As the private sector has become increasingly engaged in the effort to combat climate change, debates have emerged about the impact and legality of collaboration among firms – particularly those in the same industry.
Hundreds of business climate collaborations have begun in recent years, with goals ranging from the establishment of shared net zero targets to the development of frameworks for carbon accounting. As these groups have proliferated, antitrust questions have arisen regarding joint standard-setting and information sharing in industry-wide collaborations, as well as coordinated engagement by investors and financial institutions.
Antitrust challenges are said to be chilling necessary engagement and the mobilization of private actors to fight the accelerating harms of climate change.
Nowhere is this more obvious than in the anti-ESG efforts of Republican politicians, who have weaponized antitrust theories in their broader effort to obstruct climate action. In the latest salvo, the House Judiciary Committee issued subpoenas to an umbrella of industry-specific climate alliances known as the Glasgow Alliance for Net Zero, or GFANZ, and to a leading shareholder advocacy group, As You Sow, accusing them of antitrust violations.
The subpoenas mark an escalation of the past year’s efforts by congressional Republicans and Republican attorneys general to use antitrust laws to stymie financial institutions’ ESG practices.
Although climate alliances with net zero goals were the initial target, those theories of antitrust violations have largely failed to gain traction, and an expanded set of firms that engage in shareholder advocacy and proxy advice on any ESG-related matter have recently been targeted. The language in the subpoenas is purposefully broad, and demonstrates either a lack of understanding about the inherent complexity and ambiguity of ESG-related actions, or a strategy that is more political narrative than substance.
The effort began in earnest last fall, when 19 Republican state AGs announced an investigation into six large U.S. banks involved with the Net Zero Banking Alliance. Then, in April, 21 Republican state AGs published an open letter to more than 50 large asset managers, claiming potential violations of fiduciary duty obligations and state consumer protection laws due to the managers’ ESG investment activities.
This summer, Congress expanded its own anti-ESG agenda, and the House Judiciary Committee issued a subpoena to Ceres, claiming that the shareholder group “appears to facilitate collusion” through its involvement with Climate Action 100+. Later, the House Judiciary Committee sent investigative letters reciting similar climate and antitrust concerns to two top proxy advisory firms, Glass Lewis and Institutional Shareholder Services, as well as the activist investor Trillium Asset Management, and the hedge fund Engine No. 1.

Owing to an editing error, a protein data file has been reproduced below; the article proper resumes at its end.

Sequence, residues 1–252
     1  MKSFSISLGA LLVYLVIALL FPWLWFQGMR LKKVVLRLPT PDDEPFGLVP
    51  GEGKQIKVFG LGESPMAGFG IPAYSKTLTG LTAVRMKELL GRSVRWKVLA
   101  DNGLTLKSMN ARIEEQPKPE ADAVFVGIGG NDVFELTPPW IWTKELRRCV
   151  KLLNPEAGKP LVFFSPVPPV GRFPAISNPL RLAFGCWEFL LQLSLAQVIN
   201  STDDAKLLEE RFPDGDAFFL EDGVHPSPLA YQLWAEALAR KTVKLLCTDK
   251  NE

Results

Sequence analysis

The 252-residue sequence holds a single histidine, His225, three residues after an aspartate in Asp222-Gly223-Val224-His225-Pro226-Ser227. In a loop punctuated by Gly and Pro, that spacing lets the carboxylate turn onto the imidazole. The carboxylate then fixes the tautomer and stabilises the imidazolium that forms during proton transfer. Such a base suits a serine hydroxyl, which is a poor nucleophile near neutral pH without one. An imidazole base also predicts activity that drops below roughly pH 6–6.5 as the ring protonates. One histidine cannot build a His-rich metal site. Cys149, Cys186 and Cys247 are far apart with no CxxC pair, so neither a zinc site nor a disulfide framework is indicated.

The GFANZ and As You Sow subpoenas are a continuation of these efforts to weaponize consumer protection laws to resist efforts to address the financial risks of climate change.
Two primary federal antitrust statutes govern agreements among competitors: the Sherman Act of 1890, which prohibits monopolization and unlawful trade restraints, and the Clayton Act of 1914, which identifies additional prohibited conduct, including with respect to mergers and acquisitions and interlocking directorates (when the same director – or even limited partner firm – sits on the boards of two or more competing firms).
States can enforce the federal laws, and in many cases have their own antitrust laws. These statutes proscribe unlawful conduct in general terms, establishing broad principles as to how markets should operate fairly and competitively, leaving courts and regulatory authorities to inquire into the specific details of any challenged business practice.
Under these antitrust laws, certain types of agreements among firms – such as price fixing and market share allocation – are deemed so likely to harm competition that they are considered per se unlawful, and antitrust violations will be assumed without the consideration of any potential benefits to the agreements.